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Chore of Enchantment

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Audio CD, March 7, 2000
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Editorial Reviews

Howe Gelb's revolving-door band Giant Sand started out as a gritty twang-rock project for the beer-and-barbecue set. Still steeped in desert mystery, Gelb's wise and wizardly ways have evolved over the past 15 years to the point where his songs manage to conjure up images of Neil Young, Brian Wilson, and Tom Waits comingling inside of a warm pair of speakers. The result is thaumaturgical--not quite Picasso for the blind but just as bumpy and as fun to touch as braille. Chore of Enchantment's relaxed juggling of rock, country, psychedelia, and experimentalism is chameleon-like without being forced and beautiful without even trying. The variety of sounds suggests Gelb's closest contemporaries to be Yo La Tengo, who also spent 15 years moving from a so-so debut to sonic seniority. --Jason Josephes

1. Overture
2. (Well) Dusted (For The Millennium)
3. Punishing Sun
4. X-Tra Wide
5. 1972
6. Temptation Of Egg
7. Raw
8. Wolfy
9. Shiver
10. Dirty From The Rain
11. Astonished (In Memphis)
12. No Reply
13. Satellite
14. Bottom Line Man
15. Way To End The Day
16. Shrine

Product Details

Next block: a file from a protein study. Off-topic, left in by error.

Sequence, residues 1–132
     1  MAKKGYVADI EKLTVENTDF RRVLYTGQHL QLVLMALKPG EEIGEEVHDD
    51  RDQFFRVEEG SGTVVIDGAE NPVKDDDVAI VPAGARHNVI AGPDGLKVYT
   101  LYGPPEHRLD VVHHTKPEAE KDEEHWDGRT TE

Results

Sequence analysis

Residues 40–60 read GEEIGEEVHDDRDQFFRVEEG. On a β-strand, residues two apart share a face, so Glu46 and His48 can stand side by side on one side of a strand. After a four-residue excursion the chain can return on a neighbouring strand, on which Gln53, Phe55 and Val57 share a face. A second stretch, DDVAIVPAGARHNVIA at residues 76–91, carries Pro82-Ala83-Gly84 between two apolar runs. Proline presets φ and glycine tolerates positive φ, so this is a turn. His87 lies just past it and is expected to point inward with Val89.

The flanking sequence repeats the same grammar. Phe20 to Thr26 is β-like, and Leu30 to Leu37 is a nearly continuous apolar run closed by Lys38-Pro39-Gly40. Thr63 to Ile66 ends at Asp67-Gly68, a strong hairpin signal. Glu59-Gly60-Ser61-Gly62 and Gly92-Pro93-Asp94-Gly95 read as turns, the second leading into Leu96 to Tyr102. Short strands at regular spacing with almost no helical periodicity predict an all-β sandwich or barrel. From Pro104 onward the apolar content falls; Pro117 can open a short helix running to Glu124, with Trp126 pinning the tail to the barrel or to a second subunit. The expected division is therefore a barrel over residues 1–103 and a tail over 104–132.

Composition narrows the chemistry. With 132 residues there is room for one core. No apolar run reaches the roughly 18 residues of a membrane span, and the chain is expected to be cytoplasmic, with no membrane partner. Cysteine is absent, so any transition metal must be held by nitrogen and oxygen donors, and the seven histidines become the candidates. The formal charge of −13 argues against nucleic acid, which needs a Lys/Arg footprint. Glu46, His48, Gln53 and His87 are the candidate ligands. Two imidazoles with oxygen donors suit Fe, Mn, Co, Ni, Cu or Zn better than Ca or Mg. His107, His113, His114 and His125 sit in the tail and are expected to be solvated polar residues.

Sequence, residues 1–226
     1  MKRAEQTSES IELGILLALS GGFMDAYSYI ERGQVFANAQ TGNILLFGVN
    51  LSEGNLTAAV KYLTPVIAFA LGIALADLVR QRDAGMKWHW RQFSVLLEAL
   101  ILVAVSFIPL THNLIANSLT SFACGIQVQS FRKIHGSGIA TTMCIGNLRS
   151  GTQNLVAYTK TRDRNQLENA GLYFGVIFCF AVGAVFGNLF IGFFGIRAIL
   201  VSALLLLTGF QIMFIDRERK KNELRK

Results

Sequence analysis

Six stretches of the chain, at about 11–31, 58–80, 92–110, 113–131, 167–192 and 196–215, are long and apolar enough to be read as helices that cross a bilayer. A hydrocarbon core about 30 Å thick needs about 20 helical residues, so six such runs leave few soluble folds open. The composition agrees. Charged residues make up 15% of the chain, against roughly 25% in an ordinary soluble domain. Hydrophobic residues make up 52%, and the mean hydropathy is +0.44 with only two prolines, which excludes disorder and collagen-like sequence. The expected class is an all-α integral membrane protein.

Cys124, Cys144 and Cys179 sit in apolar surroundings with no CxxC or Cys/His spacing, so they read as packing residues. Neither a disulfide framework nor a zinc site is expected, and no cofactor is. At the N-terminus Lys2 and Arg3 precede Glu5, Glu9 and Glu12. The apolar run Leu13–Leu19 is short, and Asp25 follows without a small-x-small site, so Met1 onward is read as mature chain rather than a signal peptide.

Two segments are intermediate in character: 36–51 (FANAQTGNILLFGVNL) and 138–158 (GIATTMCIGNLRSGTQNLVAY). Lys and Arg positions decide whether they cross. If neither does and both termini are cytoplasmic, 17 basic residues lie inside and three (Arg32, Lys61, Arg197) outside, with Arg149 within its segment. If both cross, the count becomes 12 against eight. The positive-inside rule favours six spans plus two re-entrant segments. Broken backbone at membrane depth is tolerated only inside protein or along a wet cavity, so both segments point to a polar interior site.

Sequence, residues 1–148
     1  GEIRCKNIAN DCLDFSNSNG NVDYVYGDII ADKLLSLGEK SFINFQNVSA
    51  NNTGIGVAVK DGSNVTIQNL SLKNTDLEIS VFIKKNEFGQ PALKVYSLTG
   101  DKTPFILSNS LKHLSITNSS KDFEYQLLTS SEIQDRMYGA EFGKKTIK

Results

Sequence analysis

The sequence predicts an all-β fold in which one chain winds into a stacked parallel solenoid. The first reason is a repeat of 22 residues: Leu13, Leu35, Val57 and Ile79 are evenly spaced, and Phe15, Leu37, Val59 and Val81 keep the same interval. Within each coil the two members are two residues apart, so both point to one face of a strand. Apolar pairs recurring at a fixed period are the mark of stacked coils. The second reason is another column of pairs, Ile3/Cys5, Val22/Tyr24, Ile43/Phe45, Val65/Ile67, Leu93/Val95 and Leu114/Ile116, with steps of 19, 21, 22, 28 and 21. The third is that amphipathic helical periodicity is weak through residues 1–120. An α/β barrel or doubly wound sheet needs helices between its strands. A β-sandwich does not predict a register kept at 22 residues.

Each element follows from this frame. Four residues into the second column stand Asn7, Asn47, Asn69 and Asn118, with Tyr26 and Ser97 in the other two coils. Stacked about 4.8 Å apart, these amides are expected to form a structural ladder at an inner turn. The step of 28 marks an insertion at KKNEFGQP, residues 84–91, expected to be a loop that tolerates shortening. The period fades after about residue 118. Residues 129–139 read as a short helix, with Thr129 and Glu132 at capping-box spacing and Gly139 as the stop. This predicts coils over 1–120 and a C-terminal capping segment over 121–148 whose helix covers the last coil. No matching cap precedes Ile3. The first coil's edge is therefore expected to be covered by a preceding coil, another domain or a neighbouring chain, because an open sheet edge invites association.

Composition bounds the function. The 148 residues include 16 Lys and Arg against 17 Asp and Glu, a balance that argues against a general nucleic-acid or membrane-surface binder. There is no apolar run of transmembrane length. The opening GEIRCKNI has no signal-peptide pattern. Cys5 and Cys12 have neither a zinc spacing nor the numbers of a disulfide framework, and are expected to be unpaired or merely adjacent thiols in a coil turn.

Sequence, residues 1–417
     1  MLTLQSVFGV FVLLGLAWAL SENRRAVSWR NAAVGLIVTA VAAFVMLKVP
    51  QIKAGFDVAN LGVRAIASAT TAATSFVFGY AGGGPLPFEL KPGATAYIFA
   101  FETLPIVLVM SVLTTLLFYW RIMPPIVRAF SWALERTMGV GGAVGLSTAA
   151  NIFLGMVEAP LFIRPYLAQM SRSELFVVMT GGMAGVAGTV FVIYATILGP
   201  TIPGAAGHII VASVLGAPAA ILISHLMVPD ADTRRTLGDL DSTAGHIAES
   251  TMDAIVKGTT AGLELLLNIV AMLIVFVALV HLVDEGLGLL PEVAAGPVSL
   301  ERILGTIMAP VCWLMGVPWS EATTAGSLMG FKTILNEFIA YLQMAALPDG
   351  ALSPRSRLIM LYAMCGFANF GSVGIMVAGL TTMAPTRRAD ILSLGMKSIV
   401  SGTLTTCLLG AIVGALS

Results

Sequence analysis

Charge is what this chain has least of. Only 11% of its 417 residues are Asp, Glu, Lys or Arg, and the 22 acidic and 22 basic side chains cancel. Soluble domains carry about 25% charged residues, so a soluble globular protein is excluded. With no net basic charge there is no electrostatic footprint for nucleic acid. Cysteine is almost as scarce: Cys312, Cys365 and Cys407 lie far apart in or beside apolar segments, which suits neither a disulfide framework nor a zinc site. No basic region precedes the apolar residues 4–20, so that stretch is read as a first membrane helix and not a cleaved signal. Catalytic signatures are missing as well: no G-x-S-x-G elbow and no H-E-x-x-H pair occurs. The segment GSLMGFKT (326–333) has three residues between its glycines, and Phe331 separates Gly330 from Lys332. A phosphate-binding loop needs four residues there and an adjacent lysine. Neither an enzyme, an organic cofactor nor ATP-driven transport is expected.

• Audio CD (March 7, 2000)
  • Original Release Date: March 7, 2000
  • Number of Discs: 1
  • Label: Thrill Jockey
  • ASIN: B00003XAA7
  • Average Customer Review: 4.5 out of 5 stars  See all reviews (31 customer reviews)
  • Amazon Best Sellers Rank: #95,155 in Music (See Top 100 in Music)

Customer Reviews

Beautiful and sad.
I believe anyone with a creative taste for music will find something to like about this album.
B. E Jackson
This is the best album I've heard in years.
Charlie Laycock

Most Helpful Customer Reviews

18 of 20 people found the following review helpful By "unionlarry" on May 23, 2000
Format: Audio CD
"Being way too tall for any self regulation/I'd invite the devil in and his entire nation/What in tarnation?"
So asks frontman Howe Gelb in "Raw," one of the seemingly countless American Beauties he's created in the service of examing yourself, lacerating yourself and laughing at yourself whilst whistling by the old graveyard. (Helpful hint: the devil and his nation are the guests that never leave.)
By turns funky, psychedelic and folksy, "Chore of Enchantment" touches so many emotional rails over the course of its languorous sojourn that you can't quite tell what's jolting you.